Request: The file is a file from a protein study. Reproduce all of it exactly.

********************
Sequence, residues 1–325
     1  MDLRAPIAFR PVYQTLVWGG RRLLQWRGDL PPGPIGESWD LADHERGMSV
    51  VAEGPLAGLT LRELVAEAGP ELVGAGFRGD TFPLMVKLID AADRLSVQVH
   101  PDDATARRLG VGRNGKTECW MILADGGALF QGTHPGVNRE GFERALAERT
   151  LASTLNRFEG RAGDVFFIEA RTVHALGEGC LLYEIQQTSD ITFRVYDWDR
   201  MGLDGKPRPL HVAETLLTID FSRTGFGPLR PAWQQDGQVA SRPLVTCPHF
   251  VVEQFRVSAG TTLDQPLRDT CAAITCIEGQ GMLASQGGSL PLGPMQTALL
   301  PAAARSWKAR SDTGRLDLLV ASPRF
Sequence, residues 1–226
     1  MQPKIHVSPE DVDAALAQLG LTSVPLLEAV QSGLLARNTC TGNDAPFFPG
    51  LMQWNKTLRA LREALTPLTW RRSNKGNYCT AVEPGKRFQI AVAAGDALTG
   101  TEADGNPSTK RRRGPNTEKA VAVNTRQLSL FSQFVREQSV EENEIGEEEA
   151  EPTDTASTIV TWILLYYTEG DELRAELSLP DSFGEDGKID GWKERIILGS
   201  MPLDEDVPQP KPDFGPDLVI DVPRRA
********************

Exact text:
Sequence, residues 1–325
     1  MDLRAPIAFR PVYQTLVWGG RRLLQWRGDL PPGPIGESWD LADHERGMSV
    51  VAEGPLAGLT LRELVAEAGP ELVGAGFRGD TFPLMVKLID AADRLSVQVH
   101  PDDATARRLG VGRNGKTECW MILADGGALF QGTHPGVNRE GFERALAERT
   151  LASTLNRFEG RAGDVFFIEA RTVHALGEGC LLYEIQQTSD ITFRVYDWDR
   201  MGLDGKPRPL HVAETLLTID FSRTGFGPLR PAWQQDGQVA SRPLVTCPHF
   251  VVEQFRVSAG TTLDQPLRDT CAAITCIEGQ GMLASQGGSL PLGPMQTALL
   301  PAAARSWKAR SDTGRLDLLV ASPRF
Sequence, residues 1–226
     1  MQPKIHVSPE DVDAALAQLG LTSVPLLEAV QSGLLARNTC TGNDAPFFPG
    51  LMQWNKTLRA LREALTPLTW RRSNKGNYCT AVEPGKRFQI AVAAGDALTG
   101  TEADGNPSTK RRRGPNTEKA VAVNTRQLSL FSQFVREQSV EENEIGEEEA
   151  EPTDTASTIV TWILLYYTEG DELRAELSLP DSFGEDGKID GWKERIILGS
   201  MPLDEDVPQP KPDFGPDLVI DVPRRA